Is this newest reform going to end 49 years of revolution? Can a socialist country that has survived the fall of communism, boast higher literacy rates than the United States, have total universal health care and one of the most self-sufficient Agriculture systems in the world continue to survive with economic liberalization pressures coming from every angle?

…“We’l see”

More on Cuba

Monday, June 9, 2008

An Assault on Hockey

CTV, owner of TSN has bought the rights to the CBC’s (Canada’s national broadcaster) Hockey Night in Canada theme song. Their winning bid, the product more of emotion than actual fair competition, has given them exclusive rights to playing the classic song in their coverage.

This is the second aggressive attempt by CTV to oust CBC from broadcasting hockey. Their other move was to win exclusive broadcast rights to hockey during the 2010 Olympics in Vancouver. Unfortunately for TSN, the song has no bearing on the quality of a hockey broadcast.It is also unfortunate that viewers widely perceive TSN’s hockey coverage to be vastly inferior to that of CBC. Perhaps it is the incoherent ramblings of TSN’s Pierre McGuire, his abilities to choose the most random players as his Monster of the Game (read player of the game). The incredibly lackluster analysis, that utilizes “experts” who have themselves had little actual hockey experience, unlike CBC’s veteran team of coaches and players. Whether one considers production value, whit, color commentary or play-by-play, TSNs subordination is evident. When one thinks hockey commentary, do they think Don Cherry? Or Pierre McGuire… Hockey is Canada’s national sport, it needs to remain nationally broadcast by our nation’s broadcasting corporation.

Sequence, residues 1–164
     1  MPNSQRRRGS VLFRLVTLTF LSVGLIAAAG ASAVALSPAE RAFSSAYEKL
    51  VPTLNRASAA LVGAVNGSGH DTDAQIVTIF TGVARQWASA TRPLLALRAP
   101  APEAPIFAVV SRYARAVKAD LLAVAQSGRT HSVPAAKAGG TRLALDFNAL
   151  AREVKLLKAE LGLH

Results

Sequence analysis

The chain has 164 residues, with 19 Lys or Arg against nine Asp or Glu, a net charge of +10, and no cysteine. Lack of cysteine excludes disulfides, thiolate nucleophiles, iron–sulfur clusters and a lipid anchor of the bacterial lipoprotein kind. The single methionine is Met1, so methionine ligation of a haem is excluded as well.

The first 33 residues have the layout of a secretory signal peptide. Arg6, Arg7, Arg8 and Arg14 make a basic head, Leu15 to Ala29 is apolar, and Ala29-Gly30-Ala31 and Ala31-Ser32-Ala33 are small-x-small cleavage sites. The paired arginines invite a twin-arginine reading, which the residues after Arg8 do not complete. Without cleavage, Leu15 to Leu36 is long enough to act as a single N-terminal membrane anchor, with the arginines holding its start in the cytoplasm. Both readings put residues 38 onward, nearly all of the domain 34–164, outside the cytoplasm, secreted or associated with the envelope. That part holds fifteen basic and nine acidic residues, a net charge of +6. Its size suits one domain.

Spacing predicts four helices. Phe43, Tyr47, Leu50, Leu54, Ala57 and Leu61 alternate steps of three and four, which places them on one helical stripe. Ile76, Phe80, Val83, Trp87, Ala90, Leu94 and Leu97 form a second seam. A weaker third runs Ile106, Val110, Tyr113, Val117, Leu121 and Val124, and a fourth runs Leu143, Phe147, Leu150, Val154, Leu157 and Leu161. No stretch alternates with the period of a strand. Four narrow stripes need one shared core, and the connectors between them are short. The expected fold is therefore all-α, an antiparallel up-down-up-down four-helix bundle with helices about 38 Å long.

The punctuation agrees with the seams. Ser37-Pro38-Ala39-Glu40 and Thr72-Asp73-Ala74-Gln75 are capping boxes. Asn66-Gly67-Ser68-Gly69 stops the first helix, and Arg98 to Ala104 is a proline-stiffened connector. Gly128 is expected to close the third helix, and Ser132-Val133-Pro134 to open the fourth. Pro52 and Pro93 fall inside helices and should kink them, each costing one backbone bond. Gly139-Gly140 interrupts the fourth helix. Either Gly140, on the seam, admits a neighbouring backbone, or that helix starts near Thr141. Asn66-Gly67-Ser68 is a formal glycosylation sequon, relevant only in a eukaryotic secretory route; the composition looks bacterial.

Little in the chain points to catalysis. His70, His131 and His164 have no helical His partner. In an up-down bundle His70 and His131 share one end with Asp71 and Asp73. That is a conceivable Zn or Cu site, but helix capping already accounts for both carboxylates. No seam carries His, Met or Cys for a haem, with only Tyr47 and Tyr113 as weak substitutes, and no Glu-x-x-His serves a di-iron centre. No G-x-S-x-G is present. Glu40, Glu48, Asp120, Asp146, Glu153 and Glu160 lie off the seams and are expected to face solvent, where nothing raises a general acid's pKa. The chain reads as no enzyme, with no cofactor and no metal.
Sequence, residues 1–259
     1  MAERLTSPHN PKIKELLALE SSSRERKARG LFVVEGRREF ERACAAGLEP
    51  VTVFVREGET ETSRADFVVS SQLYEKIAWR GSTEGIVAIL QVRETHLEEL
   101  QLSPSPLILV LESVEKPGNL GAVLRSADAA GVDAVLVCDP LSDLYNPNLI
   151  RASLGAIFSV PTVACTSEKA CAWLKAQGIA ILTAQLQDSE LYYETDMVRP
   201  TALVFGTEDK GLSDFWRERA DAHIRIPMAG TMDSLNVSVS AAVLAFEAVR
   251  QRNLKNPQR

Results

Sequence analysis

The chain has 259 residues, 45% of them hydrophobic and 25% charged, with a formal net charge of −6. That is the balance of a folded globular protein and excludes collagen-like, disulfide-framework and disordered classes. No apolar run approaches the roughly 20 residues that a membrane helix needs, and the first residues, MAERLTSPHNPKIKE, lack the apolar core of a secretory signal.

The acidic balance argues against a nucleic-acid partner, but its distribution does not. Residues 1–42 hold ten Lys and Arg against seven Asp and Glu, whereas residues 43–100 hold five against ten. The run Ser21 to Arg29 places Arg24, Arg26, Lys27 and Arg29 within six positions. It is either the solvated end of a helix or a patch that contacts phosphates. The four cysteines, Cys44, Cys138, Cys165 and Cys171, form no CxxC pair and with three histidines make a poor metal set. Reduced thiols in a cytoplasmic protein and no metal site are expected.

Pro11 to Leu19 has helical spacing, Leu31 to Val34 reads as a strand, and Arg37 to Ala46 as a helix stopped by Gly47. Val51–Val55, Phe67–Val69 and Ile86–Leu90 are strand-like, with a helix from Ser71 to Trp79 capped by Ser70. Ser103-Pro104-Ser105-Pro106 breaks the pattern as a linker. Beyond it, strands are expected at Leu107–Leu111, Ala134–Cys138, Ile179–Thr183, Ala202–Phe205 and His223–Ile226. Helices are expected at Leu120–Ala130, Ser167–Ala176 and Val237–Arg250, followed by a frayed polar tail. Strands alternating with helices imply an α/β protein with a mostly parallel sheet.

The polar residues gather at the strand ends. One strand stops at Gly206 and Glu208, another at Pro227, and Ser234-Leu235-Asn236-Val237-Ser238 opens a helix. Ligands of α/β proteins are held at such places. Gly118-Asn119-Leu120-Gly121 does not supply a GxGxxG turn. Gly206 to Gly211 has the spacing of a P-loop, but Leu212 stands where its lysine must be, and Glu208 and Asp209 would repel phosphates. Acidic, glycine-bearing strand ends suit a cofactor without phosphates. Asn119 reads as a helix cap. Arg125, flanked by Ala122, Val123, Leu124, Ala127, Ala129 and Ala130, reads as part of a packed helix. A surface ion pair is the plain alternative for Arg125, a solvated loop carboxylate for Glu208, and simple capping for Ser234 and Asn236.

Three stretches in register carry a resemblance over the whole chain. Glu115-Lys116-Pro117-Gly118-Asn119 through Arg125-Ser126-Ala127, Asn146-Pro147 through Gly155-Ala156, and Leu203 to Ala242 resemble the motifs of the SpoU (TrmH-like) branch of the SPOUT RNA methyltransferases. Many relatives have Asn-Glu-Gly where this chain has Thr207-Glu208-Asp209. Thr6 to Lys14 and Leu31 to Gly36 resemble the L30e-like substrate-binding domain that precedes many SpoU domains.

(for more, click here)

Tuesday, June 3, 2008

The Best Show on Television

"In March 2008, Presidential hopeful Barack Obama was quoted in US Weekly Magazine as saying that The Wire is the best show on television"

Obama was interviewed as saying the same thing here. He notes his favorite character as being Omar. Omar is a rogue gangster, who robs drug dealers to earn his living. He is a tough yet three dimensional character, being one of the most feared thugs on the street, and a homosexual.

Sunday, June 1, 2008

The $100 Laptop

I have always been somewhat skeptical of the idea of one laptop per child. Creating a cheap enough laptop so that every child in the world might “join the 21st century” and profit from the benefits from having a laptop. MY skepticism I think stemmed from grade 8 high school, when the School Board provided out school with brand new computers, complete with DVD players, high-end computer processors and large displays. A rough estimation at the time led us to conclude they cost upwards of $2000 (for a non-government consumer). Though the idea of using such computers was conceived for the purpose of improving education, they were never used, and so went to waste $2000 (multiplied by around 100, for the number bought).

My second level of criticism arose from the notion that the laptop would use wireless Internet. But where would a child in remote Cambodia have access to wireless internet?

Well, I was pretty wrong… my first time seeing one in use (on the bus) really led me to reconsider my previous held opinion. Not only did it look pretty cool (the guy was reading documents on it like one would with a $2000 tablet computer) it helped underscore the ideas it represents.